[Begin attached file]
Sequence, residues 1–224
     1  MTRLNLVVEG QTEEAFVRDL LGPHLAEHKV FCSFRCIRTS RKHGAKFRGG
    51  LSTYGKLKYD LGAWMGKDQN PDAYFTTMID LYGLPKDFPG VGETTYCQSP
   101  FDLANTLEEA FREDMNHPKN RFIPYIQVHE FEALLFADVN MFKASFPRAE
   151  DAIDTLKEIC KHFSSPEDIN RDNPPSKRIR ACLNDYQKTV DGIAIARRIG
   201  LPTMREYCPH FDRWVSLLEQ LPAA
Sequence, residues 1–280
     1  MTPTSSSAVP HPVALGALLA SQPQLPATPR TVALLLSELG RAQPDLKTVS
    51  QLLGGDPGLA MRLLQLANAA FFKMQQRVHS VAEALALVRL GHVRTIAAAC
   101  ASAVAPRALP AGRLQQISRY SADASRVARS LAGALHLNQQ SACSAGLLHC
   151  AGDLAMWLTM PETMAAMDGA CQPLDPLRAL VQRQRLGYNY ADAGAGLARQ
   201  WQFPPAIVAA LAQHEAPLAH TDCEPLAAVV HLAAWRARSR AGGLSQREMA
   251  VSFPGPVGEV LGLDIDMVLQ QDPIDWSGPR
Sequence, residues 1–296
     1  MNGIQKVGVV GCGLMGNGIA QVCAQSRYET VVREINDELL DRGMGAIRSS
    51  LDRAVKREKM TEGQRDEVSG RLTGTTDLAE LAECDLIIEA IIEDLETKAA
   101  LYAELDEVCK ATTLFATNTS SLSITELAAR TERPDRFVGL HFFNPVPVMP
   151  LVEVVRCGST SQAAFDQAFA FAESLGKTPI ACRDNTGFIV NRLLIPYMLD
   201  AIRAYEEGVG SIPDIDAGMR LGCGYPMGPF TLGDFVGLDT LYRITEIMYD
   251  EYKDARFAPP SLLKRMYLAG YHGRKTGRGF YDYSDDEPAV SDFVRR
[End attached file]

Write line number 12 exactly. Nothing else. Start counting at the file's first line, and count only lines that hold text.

   201  WQFPPAIVAA LAQHEAPLAH TDCEPLAAVV HLAAWRARSR AGGLSQREMA